The Supreme Court, in a 6-3 ruling with a rather unusual lineup, delivered a major blow to publishing companies by upholding the right of a person to buy textbooks overseas at much lower prices and sell them at a profit. The case involved someone who found the same textbooks that sell for over a hundred dollars in the US available in Thailand at a far lower price, so he had relatives buy up the cheap books and sold them for a tidy profit here.
The lineup, as I said, was highly unusual. Justice Breyer wrote the majority opinion, joined by Justices Sotomayor, Breyer, Alito, Roberts and Thomas; Justices Scalia, Kennedy and Ginsburg were in dissent. SCOTUSblog has an analysis of the ruling:
For a topic that has divided the Justices so evenly for so many years, the vigorous and uncompromising tone of Breyer’s opinion is surprising. In his view, for example, the language of the statute is quite clear, largely because the geographical argument has no answer to the problem that “neither ‘under’ nor any other word in the [statutory] phrase means ‘where.’” He also emphasized the prior version of the statute, which extended first-sale protection to any copy “lawfully obtained.” Because nobody argues that the older version was geographically limited, accepting the publisher’s view required the conclusion that Congress’s revision of copyright law in the 1970s was intended to sharply limit the first-sale doctrine. He also included a substantial section in the opinion contending that the doctrine’s historical roots (dating back to Lord Coke) counsel in favor of a broad reading.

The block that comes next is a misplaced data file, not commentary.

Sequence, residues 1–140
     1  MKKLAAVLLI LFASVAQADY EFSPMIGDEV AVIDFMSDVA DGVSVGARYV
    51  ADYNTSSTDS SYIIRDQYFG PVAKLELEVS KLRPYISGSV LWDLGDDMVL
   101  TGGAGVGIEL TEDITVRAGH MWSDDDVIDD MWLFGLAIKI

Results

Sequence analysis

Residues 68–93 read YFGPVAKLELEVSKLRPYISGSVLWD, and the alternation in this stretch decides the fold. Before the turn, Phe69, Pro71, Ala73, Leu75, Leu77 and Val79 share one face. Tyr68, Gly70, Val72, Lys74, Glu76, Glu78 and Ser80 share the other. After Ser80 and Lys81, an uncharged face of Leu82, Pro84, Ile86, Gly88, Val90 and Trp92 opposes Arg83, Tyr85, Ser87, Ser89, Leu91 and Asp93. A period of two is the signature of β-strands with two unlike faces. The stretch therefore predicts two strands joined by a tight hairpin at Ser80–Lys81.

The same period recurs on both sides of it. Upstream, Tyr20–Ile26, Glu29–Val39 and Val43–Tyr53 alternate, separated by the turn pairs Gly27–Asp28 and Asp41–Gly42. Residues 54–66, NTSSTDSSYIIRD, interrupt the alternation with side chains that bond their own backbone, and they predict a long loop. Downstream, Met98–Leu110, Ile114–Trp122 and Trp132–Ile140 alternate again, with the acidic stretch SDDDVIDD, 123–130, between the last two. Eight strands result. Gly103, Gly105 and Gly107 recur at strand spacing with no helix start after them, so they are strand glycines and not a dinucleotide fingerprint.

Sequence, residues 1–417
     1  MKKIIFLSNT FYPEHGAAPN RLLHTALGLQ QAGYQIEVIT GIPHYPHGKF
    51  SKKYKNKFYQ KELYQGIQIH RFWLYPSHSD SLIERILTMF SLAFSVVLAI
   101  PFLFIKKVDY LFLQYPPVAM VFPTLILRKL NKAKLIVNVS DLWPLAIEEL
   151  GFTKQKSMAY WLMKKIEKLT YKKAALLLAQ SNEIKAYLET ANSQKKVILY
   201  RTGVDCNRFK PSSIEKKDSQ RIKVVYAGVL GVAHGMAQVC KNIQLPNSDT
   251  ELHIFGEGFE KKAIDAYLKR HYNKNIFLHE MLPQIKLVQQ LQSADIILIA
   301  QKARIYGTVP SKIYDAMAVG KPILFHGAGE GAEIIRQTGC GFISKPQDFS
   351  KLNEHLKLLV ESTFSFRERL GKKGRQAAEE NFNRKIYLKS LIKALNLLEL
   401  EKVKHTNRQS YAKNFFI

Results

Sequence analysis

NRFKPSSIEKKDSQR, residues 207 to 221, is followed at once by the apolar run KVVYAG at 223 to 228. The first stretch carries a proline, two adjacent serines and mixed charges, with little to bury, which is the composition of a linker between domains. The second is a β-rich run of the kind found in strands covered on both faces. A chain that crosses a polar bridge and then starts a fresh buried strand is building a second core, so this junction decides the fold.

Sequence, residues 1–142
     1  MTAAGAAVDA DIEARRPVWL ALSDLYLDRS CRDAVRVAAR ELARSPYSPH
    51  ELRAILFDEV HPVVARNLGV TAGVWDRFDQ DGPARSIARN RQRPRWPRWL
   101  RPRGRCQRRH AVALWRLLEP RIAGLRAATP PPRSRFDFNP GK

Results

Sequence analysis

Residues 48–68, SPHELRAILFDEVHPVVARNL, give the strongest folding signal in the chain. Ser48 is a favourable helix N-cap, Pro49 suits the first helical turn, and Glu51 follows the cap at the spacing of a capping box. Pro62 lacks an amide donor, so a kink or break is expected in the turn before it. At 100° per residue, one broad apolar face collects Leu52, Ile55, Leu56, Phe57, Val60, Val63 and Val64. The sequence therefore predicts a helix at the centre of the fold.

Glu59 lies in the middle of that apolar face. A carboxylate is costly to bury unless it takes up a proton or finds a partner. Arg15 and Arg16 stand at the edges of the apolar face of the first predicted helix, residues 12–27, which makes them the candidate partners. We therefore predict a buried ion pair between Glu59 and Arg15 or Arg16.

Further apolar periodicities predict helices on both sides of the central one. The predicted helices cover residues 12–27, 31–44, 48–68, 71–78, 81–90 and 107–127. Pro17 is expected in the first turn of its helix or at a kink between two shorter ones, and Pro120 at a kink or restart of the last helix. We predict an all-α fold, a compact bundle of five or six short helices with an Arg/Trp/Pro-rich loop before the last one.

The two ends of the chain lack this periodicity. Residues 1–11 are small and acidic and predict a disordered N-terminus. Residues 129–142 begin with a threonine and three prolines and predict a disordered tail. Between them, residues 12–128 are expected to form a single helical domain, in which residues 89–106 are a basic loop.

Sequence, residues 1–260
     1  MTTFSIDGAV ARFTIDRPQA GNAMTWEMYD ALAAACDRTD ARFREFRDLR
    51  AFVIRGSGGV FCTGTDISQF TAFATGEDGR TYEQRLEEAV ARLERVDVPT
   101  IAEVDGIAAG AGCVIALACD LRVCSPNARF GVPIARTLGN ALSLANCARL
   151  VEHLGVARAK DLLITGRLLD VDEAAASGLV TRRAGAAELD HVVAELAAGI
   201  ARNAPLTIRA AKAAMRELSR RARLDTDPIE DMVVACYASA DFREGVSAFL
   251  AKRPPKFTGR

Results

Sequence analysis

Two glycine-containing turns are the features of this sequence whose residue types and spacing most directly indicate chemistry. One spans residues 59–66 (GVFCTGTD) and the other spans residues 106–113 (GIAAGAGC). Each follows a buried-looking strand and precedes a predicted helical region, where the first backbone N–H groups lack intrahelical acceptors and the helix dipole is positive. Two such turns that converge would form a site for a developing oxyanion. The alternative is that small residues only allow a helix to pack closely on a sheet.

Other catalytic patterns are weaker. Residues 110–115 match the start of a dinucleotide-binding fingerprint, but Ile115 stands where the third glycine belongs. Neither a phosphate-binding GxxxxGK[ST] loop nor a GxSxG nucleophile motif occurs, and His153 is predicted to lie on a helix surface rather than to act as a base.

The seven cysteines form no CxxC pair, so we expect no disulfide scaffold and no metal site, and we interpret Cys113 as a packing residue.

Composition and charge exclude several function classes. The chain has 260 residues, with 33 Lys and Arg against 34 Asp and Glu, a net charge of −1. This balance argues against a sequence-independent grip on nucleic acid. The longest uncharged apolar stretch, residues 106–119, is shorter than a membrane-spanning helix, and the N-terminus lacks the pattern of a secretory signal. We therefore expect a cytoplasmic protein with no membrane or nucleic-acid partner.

At the oral argument, the Justices (especially Justice Breyer) seemed particularly concerned about what Justice Breyer called a parade of “horribles” that would ensue from adoption of the publishers’ point of view. So if that concern in fact swayed the votes of the central Justices, it should be no surprise that it got extended treatment in Justice Breyer’s opinion for the Court. Among other things, he noted the absurdity of thinking that libraries must obtain licenses to allow the lending of books printed overseas, that owners of foreign-manufactured telephones, laptops, and tablets must obtain consent from software publishers to resell them, or that museums that own paintings of foreign artists need the consent of the artists to display the paintings publicly.
The bottom line is that if you buy something that is protected by copyright, you can do with it as you please, including reselling it if you wish — and it doesn’t matter what country you bought it in.